Indonesia — The government says it will begin offering farmersincentives to stop clearing land using fire, as part of efforts to stop theannual haze that has become a regional problem. Planned incentives includeproviding productive crop seedlings and grants to farmers, according to anofficial at the State Ministry for the Environment.
“The money will be taken from a proposed US$60 million fund to address theannual forest fire problem,” Agus Purnomo, a special assistant oninternational environmental issues, told The Jakarta Post on Thursday.
That was just one of the proposals announced during a regional workshop onTrans-Boundary Haze Pollution held in Jakarta. Attending the workshop weresenior officials from Brunei Darussalam, Indonesia, Malaysia, Singapore andThailand.
Indonesia is under pressure to deal with the haze, with neighboring countriescriticizing Jakarta for its lack of action on the issue. An earlier meeting ofenvironment ministers from the Association of Southeast Asian Nations (ASEAN)was held in Riau to discuss the issue. Jakarta has yet to pass into law aregional agreement on trans-boundary pollution, which would help speed upassistance from neighboring countries in fighting fires in Indonesian territory.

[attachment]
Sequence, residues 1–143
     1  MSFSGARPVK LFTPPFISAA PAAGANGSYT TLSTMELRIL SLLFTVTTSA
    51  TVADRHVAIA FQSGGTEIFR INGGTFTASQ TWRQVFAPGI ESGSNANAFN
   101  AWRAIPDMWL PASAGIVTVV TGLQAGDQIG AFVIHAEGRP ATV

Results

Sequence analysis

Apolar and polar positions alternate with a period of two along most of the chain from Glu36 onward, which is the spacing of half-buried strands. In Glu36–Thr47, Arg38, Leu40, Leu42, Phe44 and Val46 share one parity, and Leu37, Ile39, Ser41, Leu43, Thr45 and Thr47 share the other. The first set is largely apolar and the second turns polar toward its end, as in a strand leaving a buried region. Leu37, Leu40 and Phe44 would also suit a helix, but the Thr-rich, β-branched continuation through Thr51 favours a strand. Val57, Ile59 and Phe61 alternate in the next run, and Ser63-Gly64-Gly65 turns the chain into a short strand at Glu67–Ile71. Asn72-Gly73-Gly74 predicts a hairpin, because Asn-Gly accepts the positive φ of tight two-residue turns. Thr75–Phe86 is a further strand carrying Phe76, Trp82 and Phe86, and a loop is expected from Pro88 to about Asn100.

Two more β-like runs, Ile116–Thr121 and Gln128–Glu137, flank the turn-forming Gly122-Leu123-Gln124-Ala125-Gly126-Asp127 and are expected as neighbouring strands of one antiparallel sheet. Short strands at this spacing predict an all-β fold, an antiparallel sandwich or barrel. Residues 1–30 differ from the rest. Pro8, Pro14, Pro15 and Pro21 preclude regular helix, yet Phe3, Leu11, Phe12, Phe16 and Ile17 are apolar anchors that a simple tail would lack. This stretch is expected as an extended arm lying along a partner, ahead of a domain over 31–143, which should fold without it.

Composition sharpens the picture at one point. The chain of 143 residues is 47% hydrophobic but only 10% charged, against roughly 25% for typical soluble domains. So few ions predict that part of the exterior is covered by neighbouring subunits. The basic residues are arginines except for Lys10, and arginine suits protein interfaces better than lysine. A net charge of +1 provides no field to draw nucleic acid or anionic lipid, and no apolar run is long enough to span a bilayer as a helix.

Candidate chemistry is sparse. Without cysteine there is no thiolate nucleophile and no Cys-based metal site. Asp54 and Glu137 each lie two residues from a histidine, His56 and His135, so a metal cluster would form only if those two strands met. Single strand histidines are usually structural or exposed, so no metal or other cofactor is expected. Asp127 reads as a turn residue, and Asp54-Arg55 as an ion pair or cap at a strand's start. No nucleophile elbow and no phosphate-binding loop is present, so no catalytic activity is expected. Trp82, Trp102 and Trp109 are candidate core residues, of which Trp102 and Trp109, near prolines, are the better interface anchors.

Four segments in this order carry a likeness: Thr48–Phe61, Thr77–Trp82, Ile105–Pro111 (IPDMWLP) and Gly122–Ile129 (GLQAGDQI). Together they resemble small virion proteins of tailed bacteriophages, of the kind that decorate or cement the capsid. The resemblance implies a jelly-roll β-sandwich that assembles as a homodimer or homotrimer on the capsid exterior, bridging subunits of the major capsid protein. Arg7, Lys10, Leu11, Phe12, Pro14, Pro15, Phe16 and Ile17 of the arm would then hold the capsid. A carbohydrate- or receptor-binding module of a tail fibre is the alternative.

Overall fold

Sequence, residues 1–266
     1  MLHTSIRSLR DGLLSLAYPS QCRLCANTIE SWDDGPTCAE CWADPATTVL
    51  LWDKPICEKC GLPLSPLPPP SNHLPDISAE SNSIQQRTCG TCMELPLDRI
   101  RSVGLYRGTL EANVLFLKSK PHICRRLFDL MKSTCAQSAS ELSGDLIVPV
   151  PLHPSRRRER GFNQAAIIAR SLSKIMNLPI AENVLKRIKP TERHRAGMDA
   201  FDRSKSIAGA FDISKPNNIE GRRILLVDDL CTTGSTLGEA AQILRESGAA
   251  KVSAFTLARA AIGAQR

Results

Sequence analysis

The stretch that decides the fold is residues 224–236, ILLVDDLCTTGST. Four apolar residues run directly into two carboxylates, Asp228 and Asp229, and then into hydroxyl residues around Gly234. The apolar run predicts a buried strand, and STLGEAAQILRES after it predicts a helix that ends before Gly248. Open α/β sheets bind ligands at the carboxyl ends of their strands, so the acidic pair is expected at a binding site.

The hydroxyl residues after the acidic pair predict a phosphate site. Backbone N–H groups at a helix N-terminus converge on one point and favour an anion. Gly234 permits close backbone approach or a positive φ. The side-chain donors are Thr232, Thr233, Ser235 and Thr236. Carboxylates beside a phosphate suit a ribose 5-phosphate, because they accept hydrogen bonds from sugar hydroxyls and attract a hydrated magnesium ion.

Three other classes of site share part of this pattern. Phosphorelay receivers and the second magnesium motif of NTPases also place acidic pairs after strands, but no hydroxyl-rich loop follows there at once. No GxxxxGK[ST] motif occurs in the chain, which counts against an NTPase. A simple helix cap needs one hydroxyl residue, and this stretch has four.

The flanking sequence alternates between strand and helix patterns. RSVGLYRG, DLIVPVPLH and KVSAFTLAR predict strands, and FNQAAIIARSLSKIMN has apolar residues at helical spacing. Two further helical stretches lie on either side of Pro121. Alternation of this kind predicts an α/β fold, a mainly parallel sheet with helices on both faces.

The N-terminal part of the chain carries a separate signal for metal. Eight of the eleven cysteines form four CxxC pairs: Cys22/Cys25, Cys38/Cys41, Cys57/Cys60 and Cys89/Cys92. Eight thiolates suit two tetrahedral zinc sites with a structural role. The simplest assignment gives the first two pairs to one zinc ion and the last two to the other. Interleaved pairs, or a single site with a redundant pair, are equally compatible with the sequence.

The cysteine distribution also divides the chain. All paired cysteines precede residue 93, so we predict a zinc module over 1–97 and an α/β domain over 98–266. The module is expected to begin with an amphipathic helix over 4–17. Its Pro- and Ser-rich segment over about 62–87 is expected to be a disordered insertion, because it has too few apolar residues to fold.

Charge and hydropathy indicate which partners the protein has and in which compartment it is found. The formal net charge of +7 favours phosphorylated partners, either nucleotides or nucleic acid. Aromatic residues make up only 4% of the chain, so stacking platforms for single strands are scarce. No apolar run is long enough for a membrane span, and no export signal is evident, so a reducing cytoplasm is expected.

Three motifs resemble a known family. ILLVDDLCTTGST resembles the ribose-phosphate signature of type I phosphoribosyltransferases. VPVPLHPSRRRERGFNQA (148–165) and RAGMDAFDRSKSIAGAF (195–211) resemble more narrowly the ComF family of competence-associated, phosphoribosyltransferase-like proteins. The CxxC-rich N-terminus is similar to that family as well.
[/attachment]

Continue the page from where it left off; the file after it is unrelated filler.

The proposals from the workshop will be submitted for endorsement at the ASEANMinisterial Meeting on the Environment in Cebu, the Philippines, on Nov. 9-10. Indonesia proposed 80 programs to reduce forest fires, includingsetting up early warning systems in fire-prone areas and strengthening the country’s capability to fight forest fires.
Jakarta has long blamed forest fires on land clearance activities by farmers andplantation companies. In response, it has banned the planting of crops on burnedland.
“Imposing a kind of status quo on burned land has been effective inreducing forests fire,” State Minister for the Environment Rachmat Witoelartold the Post.
The workshop also discussed the establishment of a ministerial steeringcommittee comprising environment ministers from Brunei, Indonesia, Malaysia,Singapore and Thailand. The committee would monitor haze problems and set up ahotline for the exchange of information in the event of forest fires.
“We must be creative in devising preventive actions. Putting people in jailfor carrying matches and kerosene may be one method, but we have to look beyondsuch measures to be more effective,” Rachmat said.